Long Wharf Theater
That everlasting contest between father and sons is classic literary fodder. Rivalry and jealousy, love and hate, independence and servility, daring and caution have been familiar ever since Oedipus slew his daddy and married his mommy. In “The Lion,” Benjamin Scheuer’s musical memoir at Long Wharf, the writer / composer / performer is alone on stage with several guitars (all acoustic except for one electric), journeying from child to adult as he comes to terms with his father. Charming even when veering off into banality, Scheuer avoids outright sentimentality, telling his story with unaffected candor.
The tall, mop-haired singer/actor starts with “My father has an old guitar and he plays me folk songs,” prompting Benjamin to want to “play like him.” Soon, dad builds son a banjo made of a cookie tin lid, with rubber bands for strings and old neckties for straps. More than a toy, the makeshift banjo is a gift of music.
When his father punishes him for a bad grade by not allowing Benjamin to take a band trip, he pins an angry note to dad’s bedroom door. His father’s ensuing illness, he believes, was prompted by his rebellion. As guilt overtakes him, he separates from his family, has girlfriend problems, is finally felled by a diagnosis of Hodgkin’s Lymphoma which almost costs him his life. He was 28.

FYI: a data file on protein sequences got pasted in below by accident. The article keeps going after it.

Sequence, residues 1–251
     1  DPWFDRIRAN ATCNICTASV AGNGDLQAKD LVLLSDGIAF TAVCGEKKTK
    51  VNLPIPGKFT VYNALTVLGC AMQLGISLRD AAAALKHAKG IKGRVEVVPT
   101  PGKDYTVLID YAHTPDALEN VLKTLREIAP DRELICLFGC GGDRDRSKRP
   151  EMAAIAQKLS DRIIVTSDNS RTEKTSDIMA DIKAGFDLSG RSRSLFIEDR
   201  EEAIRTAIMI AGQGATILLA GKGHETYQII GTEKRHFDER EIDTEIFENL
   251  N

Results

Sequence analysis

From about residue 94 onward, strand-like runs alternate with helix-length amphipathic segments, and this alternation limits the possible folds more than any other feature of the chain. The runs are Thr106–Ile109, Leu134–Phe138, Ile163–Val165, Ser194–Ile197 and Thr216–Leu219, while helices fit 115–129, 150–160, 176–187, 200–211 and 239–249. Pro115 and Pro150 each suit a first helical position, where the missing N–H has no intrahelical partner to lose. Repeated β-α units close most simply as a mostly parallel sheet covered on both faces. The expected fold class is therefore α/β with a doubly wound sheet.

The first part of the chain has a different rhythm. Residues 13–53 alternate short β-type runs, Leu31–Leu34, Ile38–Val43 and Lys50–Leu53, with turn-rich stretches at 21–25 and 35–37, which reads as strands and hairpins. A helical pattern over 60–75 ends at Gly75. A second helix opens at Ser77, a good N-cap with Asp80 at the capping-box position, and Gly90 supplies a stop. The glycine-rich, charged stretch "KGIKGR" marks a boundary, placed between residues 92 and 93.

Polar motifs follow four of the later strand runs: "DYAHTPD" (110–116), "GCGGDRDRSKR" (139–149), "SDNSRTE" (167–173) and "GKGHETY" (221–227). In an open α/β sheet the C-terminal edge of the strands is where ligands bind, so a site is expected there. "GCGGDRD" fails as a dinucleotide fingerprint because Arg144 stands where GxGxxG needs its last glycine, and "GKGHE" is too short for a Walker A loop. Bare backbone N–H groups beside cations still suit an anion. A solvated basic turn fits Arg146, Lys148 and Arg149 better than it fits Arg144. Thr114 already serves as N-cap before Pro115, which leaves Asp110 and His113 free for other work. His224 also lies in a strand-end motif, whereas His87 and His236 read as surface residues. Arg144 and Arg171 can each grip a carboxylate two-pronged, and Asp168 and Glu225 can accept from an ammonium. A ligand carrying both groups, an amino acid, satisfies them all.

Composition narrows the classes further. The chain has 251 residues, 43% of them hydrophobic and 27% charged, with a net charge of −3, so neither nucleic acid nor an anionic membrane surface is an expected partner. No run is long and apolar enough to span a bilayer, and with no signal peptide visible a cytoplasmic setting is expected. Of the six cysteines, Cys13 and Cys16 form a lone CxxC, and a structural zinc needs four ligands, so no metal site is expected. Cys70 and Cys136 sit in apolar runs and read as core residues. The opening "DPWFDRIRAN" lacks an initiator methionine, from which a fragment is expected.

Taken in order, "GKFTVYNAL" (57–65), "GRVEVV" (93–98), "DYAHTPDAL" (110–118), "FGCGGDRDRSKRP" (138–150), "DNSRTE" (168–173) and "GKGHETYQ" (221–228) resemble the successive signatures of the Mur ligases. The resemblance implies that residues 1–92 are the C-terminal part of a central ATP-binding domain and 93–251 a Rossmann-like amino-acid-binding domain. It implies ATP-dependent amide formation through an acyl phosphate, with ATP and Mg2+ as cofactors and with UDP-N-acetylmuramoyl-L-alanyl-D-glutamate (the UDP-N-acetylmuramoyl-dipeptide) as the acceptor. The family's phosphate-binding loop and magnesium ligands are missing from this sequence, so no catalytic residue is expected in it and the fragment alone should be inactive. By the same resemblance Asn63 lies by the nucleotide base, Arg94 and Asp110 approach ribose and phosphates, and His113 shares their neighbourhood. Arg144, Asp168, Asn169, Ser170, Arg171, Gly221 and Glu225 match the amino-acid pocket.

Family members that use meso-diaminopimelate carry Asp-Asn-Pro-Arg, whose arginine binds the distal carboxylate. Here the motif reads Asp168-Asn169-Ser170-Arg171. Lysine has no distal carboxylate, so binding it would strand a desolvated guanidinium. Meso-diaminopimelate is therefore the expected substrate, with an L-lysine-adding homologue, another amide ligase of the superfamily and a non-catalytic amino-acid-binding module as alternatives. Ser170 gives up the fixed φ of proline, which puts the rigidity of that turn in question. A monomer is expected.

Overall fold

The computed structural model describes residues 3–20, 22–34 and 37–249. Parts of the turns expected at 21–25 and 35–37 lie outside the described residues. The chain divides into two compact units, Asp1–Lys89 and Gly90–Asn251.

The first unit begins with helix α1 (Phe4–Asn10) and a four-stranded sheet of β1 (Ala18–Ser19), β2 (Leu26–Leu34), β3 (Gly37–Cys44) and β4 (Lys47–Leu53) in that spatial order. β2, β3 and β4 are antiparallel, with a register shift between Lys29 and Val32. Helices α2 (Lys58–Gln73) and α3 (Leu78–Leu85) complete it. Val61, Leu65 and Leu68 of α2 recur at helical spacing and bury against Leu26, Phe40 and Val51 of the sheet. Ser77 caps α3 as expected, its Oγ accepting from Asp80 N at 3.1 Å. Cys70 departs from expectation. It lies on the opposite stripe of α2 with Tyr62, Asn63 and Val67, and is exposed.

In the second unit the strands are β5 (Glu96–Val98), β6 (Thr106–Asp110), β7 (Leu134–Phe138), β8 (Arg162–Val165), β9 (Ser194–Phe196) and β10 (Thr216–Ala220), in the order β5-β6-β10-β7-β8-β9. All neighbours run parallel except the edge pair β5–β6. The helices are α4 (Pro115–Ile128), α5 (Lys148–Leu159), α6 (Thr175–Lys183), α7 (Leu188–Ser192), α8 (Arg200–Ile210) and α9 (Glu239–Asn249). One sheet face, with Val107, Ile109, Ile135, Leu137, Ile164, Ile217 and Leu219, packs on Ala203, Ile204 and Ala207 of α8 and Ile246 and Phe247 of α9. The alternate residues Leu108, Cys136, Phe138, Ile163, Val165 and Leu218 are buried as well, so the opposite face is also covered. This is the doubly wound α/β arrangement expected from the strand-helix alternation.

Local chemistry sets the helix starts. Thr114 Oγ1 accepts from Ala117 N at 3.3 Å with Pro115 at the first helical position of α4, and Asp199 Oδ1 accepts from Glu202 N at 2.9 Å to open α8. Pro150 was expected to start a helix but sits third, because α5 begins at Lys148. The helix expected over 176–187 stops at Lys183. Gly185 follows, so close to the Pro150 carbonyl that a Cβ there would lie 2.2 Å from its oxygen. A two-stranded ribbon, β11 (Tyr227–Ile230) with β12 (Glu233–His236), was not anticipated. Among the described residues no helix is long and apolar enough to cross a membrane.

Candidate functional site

The disease, from which he recovered, gives him the impetus to review his regrets, his undeniable talent, his relationships. That in turn, leads to the story we’re hearing, mostly told through music as he accompanies his own songs. The electric guitar’s spectral screeches most tellingly express his frustrations.
Learning to play like himself, not like his dad, is also learning to find himself. It’s the lion’s pride, not his roar that counts most, a universal search that suggests claiming victory over remorse allows a triumph over disease, disappointment and dissonance.
Scheuer plays a mean guitar – the music alone is worth attending. Sean Daniel’s intimate direction helps create an authentic camaraderie with the audience. Neil Patel’s unobtrusive set of a spare room, moodily lit by Ben Stanton, furthers the illusion of sharing regrets and successes with spectators, except some of us, given Scheuer’s travails, would head for the psychologist, while Scheuer finds salvation in music.
“Bad things happen without reason,” he says. “I’ve carried all this guilt with me; now it’s time to let it free.” And so he does, in an easy-going, comforting, non-threatening evening.
--David A. Rosenberg
Jan. 21, 2016